June 14, 2010 The EU is investing EUR 3.4 million in a comprehensive research programme on yeast. The aim is to develop new products in the food industry, both in terms of new flavours and health-promoting probiotic products. Molecular biologist Jure Piskur from Lund University in Sweden is coordinating the entire research programme.
Yeast is an important ingredient in the production of various food products such as wine, beer cheese and sausage. In the past many different species of yeast were used in food production, in a process known as spontaneous fermentation, but nowadays only a small number of species are used.
In both the beer and wine industries, there is now a growing interest in making use of the variety of species of yeast. Different yeast species can give a different character to drinks and food products.
"For example, there is a great interest in producing light beer with more flavour, and we hope that new species of yeast can contribute to this," says Professor Jure Piskur from the Department of Biology at Lund University in Sweden.
Yeast can also be useful in the creation of probiotic food products that have health benefits. There is high demand in this area from Europe's increasingly health-conscious consumers.
Jure Piskur will coordinate the activities of the new consortium, Cornucopia, which has received EUR 3.4 million from the EU. A total of 11 partners are involved in the consortium -- both universities and companies. In addition to Lund University, researchers from Denmark, Belgium, Italy, Spain, the Czech Republic and the Netherlands are also participating.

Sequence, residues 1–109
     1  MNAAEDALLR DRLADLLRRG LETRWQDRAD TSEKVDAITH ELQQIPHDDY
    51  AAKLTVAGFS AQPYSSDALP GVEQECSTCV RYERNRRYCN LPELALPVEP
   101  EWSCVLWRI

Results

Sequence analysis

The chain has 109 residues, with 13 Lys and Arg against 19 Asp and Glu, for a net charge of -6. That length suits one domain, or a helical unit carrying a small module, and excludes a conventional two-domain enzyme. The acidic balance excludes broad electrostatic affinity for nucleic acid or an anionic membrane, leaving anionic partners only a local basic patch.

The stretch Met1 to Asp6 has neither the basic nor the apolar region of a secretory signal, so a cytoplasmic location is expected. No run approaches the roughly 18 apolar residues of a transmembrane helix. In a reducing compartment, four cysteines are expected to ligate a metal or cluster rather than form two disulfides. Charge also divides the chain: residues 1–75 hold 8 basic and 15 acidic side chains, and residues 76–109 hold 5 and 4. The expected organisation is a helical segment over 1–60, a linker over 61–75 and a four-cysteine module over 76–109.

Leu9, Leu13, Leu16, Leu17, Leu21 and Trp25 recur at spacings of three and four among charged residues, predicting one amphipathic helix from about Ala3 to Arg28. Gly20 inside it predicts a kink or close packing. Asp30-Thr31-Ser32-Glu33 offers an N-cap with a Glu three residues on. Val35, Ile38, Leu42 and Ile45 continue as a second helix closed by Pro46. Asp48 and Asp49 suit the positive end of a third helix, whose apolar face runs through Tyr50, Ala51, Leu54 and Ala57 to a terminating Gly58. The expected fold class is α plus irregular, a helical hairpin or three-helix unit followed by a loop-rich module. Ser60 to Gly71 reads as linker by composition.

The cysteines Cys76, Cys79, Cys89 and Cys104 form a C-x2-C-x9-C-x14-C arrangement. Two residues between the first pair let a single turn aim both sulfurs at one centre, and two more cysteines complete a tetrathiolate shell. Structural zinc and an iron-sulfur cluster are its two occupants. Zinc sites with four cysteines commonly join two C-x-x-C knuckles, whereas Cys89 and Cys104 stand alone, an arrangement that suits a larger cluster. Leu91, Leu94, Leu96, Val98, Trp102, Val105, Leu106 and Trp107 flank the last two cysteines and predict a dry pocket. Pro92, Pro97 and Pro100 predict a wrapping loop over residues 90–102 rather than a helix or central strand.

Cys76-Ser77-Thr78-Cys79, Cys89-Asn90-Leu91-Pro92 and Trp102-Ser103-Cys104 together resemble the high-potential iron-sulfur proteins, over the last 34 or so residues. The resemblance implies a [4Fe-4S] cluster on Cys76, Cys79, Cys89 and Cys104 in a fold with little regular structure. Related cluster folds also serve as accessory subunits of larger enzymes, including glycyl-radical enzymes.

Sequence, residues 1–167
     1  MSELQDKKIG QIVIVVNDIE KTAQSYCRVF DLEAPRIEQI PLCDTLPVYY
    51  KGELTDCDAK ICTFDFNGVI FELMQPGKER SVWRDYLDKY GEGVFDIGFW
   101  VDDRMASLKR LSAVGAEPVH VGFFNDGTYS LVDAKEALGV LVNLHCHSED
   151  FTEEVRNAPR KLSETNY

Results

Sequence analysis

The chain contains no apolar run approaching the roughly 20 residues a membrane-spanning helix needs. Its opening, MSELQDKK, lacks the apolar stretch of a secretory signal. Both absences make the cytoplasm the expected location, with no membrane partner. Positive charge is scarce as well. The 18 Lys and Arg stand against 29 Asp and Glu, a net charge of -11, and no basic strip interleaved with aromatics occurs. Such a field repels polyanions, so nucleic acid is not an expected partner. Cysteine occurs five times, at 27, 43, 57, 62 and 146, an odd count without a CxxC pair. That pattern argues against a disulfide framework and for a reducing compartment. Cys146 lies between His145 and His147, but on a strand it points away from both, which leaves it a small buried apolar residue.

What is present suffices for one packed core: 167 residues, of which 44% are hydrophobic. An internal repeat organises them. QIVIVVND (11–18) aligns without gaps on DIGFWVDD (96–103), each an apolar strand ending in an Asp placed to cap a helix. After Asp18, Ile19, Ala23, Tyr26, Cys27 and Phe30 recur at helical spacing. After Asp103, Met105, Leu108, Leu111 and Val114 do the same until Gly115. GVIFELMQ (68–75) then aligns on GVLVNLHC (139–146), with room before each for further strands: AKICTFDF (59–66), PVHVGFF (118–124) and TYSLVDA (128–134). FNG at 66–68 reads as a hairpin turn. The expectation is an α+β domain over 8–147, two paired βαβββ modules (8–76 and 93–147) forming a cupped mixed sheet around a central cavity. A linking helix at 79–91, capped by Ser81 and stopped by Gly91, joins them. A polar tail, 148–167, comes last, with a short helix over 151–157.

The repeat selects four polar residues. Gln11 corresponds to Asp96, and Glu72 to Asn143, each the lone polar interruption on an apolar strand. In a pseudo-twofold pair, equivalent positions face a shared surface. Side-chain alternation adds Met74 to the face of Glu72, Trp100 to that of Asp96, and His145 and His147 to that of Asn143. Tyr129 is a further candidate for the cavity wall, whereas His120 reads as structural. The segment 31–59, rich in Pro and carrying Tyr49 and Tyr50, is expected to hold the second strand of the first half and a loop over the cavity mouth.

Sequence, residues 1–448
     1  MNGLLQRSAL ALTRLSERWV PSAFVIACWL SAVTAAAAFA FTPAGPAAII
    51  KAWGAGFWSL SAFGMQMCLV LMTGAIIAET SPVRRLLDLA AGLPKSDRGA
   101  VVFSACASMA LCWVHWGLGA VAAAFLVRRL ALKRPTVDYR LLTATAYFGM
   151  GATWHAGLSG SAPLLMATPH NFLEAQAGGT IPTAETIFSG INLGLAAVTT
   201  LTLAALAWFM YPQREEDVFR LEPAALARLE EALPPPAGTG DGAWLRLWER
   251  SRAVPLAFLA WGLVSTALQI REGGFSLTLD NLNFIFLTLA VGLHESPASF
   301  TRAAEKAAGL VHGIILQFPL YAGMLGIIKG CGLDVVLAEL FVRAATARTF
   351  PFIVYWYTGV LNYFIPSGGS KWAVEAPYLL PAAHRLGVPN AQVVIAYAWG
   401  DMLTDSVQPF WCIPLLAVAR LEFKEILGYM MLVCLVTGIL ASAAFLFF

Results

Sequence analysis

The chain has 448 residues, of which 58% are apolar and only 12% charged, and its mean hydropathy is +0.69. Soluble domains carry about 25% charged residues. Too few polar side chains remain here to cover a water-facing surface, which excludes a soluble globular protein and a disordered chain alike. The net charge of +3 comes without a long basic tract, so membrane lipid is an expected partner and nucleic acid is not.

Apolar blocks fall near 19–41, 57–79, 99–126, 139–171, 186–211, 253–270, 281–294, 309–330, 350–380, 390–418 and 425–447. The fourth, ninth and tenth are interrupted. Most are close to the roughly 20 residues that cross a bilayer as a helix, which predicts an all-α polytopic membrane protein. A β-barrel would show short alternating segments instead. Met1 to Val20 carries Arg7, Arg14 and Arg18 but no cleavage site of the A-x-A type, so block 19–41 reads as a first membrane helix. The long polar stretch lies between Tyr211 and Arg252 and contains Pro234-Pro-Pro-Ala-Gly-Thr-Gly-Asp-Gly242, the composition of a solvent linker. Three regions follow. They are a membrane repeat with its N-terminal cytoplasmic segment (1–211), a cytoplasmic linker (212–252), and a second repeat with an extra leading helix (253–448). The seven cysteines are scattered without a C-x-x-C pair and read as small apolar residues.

Business sector partners include the Danish brewer Carlsberg. The project will begin in January 2011 and continue for four years. Besides new facts about which yeasts may be of value to the food industry, the consortium will also run a research school that will produce a number of new researchers with expertise in the field.
Yeasts can be found everywhere in nature; on humans, animals, fruit -- anywhere they have access to sugar. In total there are around 1 000 identified species in the world, but at least 10 000 new species are expected to be identified within the near future. Tens of species of yeast live on grapes alone.
As a molecular biologist, Jure Piskur has spent a long time studying yeast's many millions of years of history. This group of organisms is very old and has therefore managed to develop a very large genetic variation between different species. It is this genetic wealth that gives such exciting potential for the food industry to explore.
"The difference in genetic make-up between different yeast species is actually larger than the difference between fish and humans," says Jure Piskur.
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